In August 2018, I was able to visit the Huntington Beach State Park in South Carolina and watch American alligators (Alligator mississippiensis). The park is a great place to watch these majestic animals. As you enter the park, you drive along a causeway that separates Mullet Pond from a swampy area around Oaks Creek. Alligators can be seen along either side of the causeway, but stopping on the causeway is prohibited. There is a parking area at the end of the causeway. You can park there, and then walk back along the causeway. This provides a great way to view alligators in the open water.
You can also drive back to the park office & gift shop, and walk along the Atalaya Straight Road between Mullet Pond and Mallard Pond. There are many trees and other vegetation growing along the path here, and a lot more emergent vegetation in the water. So your views of the alligators will be very different.
Here are a few of the photos I took of alligators along the causeway near sunset. If you’d like to purchase a print or digital license, just click on the photo, and it will take you to my smugmug natural history photography site.
A large alligator at sunset:
A close-up of an alligator’s head as it swims through the water:
An alligator swims diagonally across the frame, leaving a wake behind it:
This is perhaps the favorite photo I’ve taken in 2018. I love the MC Escher-esque effect of black and white patterns on the water, with a gator in the middle:
The Pacific Sand Crab (Emerita analoga) is one of the delightful creatures you can find in the surf of beaches along the Pacific Coast of North and South America. These small (up to 1.5 inches / 3.8 cm) crustaceans are a delight for kids and adults to find and observe. As waves lap the beach, the crabs will swim into the water, and then burrow back into the sand as the water recedes. Here is a video showing how the sand crab can bury itself in less than two seconds:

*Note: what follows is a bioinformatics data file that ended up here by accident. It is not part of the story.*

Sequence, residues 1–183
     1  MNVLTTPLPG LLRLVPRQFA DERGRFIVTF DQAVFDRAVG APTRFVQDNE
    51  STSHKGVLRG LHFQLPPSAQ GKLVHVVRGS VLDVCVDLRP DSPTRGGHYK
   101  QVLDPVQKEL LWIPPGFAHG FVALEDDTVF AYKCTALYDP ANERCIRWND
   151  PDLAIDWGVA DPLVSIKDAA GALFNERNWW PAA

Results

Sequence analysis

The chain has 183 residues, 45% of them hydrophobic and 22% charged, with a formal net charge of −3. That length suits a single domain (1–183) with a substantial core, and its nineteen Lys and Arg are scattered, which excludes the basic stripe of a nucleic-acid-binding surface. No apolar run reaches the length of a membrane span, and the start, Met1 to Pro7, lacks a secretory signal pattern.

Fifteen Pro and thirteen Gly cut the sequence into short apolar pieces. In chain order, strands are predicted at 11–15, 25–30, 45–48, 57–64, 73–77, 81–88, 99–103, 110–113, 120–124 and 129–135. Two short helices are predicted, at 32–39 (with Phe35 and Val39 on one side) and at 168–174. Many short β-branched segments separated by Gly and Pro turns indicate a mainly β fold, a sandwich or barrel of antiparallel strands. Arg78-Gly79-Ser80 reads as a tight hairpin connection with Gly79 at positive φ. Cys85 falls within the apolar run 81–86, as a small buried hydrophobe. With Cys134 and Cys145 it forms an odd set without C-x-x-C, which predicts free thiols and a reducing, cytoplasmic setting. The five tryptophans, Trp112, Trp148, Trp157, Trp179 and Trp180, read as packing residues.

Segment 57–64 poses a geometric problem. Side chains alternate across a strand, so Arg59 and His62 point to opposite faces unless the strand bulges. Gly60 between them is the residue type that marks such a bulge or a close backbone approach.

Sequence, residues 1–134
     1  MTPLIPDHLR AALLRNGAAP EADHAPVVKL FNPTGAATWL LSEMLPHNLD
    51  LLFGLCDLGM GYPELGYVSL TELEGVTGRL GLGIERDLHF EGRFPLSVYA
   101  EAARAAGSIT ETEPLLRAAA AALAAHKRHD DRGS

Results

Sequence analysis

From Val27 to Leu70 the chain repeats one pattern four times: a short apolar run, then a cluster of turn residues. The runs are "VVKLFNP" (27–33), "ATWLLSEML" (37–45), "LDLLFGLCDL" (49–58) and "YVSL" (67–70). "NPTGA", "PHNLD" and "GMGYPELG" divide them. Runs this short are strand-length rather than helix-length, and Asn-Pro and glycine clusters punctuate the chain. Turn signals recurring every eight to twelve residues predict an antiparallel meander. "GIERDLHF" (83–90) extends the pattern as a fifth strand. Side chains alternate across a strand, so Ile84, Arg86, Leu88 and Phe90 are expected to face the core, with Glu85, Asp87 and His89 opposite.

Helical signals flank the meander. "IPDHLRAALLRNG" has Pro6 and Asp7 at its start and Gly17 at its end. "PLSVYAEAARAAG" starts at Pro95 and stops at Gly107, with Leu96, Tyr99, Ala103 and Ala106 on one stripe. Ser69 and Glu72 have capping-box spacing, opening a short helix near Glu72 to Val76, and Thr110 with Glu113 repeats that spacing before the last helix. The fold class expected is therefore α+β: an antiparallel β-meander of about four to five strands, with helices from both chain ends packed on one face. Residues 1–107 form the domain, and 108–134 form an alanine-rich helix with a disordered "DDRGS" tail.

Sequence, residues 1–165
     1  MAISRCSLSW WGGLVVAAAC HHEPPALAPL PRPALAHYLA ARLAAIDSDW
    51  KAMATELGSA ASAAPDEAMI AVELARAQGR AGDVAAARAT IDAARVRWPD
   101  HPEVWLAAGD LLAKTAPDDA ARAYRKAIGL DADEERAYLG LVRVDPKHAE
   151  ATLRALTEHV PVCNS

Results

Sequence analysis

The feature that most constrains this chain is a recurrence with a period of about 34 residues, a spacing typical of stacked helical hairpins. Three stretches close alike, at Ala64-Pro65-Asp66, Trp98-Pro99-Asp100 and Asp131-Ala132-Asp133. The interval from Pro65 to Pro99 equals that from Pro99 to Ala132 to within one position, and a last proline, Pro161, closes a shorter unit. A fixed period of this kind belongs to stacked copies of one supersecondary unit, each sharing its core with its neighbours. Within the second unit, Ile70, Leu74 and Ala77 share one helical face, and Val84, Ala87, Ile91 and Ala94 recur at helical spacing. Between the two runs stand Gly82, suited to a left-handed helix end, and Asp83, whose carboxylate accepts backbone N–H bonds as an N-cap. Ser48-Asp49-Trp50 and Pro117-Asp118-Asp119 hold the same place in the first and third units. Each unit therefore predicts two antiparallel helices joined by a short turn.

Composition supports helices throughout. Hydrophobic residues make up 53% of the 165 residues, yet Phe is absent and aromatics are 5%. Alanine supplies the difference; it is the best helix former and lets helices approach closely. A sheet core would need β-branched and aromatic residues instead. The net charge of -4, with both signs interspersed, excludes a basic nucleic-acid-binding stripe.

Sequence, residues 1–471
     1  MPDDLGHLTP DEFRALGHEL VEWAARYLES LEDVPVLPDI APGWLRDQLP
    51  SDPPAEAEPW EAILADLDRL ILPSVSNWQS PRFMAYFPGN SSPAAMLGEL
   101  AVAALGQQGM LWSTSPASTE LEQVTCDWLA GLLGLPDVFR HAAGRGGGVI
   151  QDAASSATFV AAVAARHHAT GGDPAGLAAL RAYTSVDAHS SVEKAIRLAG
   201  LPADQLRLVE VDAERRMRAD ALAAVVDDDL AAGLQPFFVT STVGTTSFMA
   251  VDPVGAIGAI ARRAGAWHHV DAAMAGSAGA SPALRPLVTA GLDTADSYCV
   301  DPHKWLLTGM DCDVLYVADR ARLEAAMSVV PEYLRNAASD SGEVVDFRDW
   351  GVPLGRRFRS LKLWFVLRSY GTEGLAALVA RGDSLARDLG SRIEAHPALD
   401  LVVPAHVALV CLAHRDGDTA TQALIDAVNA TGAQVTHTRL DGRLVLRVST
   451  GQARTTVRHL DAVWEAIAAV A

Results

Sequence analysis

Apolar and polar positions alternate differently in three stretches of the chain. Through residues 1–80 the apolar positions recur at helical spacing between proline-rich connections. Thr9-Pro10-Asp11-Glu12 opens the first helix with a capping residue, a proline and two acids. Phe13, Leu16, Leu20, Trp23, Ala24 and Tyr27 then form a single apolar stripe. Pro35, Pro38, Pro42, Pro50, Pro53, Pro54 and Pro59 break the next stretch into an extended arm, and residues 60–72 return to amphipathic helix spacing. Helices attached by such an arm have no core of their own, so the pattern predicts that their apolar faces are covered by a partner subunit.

In late May 2018, I came across this planarian among the leaves on the forest floor in Cuyahoga County, Ohio. Planarians are part of the group of animals known as Platyhelmintes. Although planarians look a bit like earthworms, they are only distantly related to earthworms and other members of the Annelida. Interestingly, there are many planarians that hunt and eat earthworms.
Although, I knew it was a planarian, I did not know that they could be found in Ohio. Some investigation on my own, and helpful information from contributors on iNaturalist indicated that this was probably a Wandering Broadhead Planarian (Bipalium adventitium). These are an introduced species here in Ohio. If you come across them in Ohio or other parts of the midwest, I would be interested in hearing about it and seeing photos. Please feel free to contact me at mfbenard (at) gmail.com
A male whitetail deer jogged right by me while I was standing in my driveway in Shaker Heights, Ohio. Apparently, two does ran by just a minute or two earlier, but I didn’t see them. This buck was in hot pursuit. He came close enough that I could have touched him, but he was obviously focused on following the does. The video was taken in mid-November, 2017.
mister-toad.com is the personal website and blog of Mike Benard, a biologist who studies the ecology, evolution and conservation of amphibians and other organisms.
Mike can be contacted at: mfbenard -at- gmail . com.